The best way to keep our journey engaging, I felt, would be to focus on the encounters as self-contained nodes, with only brief moments of actual travel between. Each node would involve a new creature encounter and, for visual interest, a change in environment (time of day, weather, surface or underwater, island or cave).
Another early choice we made while designing the narrative: there would no wrong answers to choices made in the game. We felt that any story about adventure would be best supported by a world that encouraged exploration and a willingness to take chances, and to that end, no path in the game should leave the player feeling that they should’ve taken a different route.
While we did look to a few other games for reference, the strongest influences on the design of Burly Men at Sea actually came from more traditional media. One that ultimately became the best reference for a branching story with a single ending was O. Henry’s short story “Roads of Destiny.” This was an old favorite of mine that tells the story of a man who comes to a literal fork in the road and chooses one of three ways: right, left, or to return the way he’d come. The story goes on to follow each of these branches to their conclusion, each of which result in different combinations of the same events with ultimately the same fate. It was this method of weaving the same elements into wildly different variations of a single story that guided the shape of our narrative.
After working my way through nearly forty branching variations, I settled on what became the final structure of our story. We’d begin with an intro location that would also serve as a return point (the fishing village), and the story would branch three times during the course of a single journey before meeting again at the end. Each play through would take place over the course of a day and would be designed to be completed in a single sitting.
It was then that I stumbled onto what became the most pivotal piece of the game’s design: the viewport. Inspired equally by the masking ability of fog and by vignette illustrations found in old books, this viewport could be dragged or stretched by the player to direct the characters’ attention and so affect their movement. I immediately began to brainstorm variations on shape and usage: a house shape for building interiors, a flickering ring of firelight, an arched room. These began to combine with a secondary idea of using vignettes to style our narrative scenes like the pages of a book, further pushing the game’s folktale feel. And from this new direction, a more complete narrative theme began to emerge. Our story and gameplay had begun to feel like a cohesive experience.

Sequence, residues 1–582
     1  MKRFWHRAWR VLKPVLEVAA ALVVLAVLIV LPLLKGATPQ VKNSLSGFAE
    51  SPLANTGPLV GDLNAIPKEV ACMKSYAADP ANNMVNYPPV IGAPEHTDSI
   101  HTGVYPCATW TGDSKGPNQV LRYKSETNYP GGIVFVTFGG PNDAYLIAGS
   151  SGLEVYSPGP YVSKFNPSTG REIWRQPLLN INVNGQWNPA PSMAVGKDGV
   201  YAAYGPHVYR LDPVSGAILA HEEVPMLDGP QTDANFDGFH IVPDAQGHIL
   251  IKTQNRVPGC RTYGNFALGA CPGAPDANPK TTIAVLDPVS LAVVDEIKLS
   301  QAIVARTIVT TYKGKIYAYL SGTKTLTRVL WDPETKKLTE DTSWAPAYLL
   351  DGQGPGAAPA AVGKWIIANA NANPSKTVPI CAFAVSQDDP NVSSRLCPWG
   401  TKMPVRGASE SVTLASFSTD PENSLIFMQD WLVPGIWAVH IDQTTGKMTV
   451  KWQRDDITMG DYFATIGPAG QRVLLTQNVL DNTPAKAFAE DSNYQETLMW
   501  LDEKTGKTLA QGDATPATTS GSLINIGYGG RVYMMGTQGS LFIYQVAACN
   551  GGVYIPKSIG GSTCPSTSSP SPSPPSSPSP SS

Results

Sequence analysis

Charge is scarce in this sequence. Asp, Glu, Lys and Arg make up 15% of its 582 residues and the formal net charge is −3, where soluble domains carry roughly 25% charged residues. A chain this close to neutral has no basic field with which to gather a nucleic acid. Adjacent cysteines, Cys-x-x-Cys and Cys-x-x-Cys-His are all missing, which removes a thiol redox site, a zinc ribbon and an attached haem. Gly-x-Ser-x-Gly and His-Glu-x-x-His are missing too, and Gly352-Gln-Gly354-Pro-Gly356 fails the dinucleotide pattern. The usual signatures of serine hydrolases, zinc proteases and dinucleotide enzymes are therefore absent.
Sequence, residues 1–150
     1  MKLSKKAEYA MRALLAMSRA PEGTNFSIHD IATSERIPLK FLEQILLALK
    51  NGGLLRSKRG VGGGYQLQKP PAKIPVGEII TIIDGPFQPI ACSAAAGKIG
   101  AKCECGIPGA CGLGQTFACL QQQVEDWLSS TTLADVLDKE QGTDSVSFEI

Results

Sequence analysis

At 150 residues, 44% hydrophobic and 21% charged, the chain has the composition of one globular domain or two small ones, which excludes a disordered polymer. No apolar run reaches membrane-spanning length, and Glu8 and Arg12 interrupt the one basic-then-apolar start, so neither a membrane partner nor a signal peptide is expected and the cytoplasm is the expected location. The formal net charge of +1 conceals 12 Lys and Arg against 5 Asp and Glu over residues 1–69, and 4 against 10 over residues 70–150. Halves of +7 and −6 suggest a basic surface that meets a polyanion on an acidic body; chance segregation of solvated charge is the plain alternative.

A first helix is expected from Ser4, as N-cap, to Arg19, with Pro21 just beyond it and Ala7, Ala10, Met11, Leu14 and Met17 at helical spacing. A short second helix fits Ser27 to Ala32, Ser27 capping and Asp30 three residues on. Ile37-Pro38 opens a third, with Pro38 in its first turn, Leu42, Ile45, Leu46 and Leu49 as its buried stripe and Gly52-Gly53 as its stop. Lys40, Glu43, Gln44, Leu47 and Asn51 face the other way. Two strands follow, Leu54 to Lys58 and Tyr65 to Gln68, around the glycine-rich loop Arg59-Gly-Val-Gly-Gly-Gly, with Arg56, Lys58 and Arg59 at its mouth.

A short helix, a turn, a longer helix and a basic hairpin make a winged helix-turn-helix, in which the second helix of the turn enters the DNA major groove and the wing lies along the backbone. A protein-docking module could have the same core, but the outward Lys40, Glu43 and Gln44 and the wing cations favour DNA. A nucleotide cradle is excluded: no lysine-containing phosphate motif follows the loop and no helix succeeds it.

But the change wasn’t entirely seamless. We had, after all, just attached an entirely new mechanic nearly a year into development. I now had a structural tangle to work through, worried that the game’s use of interaction had become extraneous. Of even greater concern was the possibility that when the viewport mechanic’s novelty wore off, it would become tedious. Somehow, we had to push it further, continue to surprise the player. I sketched out a rough idea for how the viewport might evolve in later scenes, but this only further scrambled my grasp of the structure.
Then, I came across an interview with Nintendo’s Koichi Hayashida, discussing their use of the concept of kishōtenketsu, or four-act structure. In it, an idea is developed over the first two stages, then suddenly goes an unexpected direction before leading into the conclusion. That was it! I hadn’t broken the game: I’d simply lacked the framework needed to contain it.
Equipped with this new lens, I could see how each stage of the game might make the best use of both mechanics, developing gameplay alongside theme. We would use the third act to alter the player’s perception of the viewport and their relationship to the story. Finally, I was able to begin designing the third stage of encounters that would offer that twist, probably one of the most difficult and enjoyable parts of the process. Balance was the first challenge: did the branches in each stage match up in encounter type, level of interaction, use of mechanic, and length? How would each branch connect to the next stage? And ultimately, was it possible for all branches with their player-determined outcomes to join up again at our return point? Would we achieve that elusive through line?
Final narrative structure for Burly Men at Sea, as prototyped in Twine.
As I tackled these challenges over the following year and saw the narrative gradually take a final form, I took a fresh look at the design and story as a whole to see what themes had emerged. To my surprise and enormous relief, I found that what the game itself had to say about adventure was better than anything I had thought I wanted to say. It was about adventure for adventure’s sake, about following impulse down an unknown path. Incredibly, or maybe not, even our development process had reflected this discovered theme. We tried a lot of strange ideas that managed to bind together into an honest little tale that taught us how to both tell and live a better story.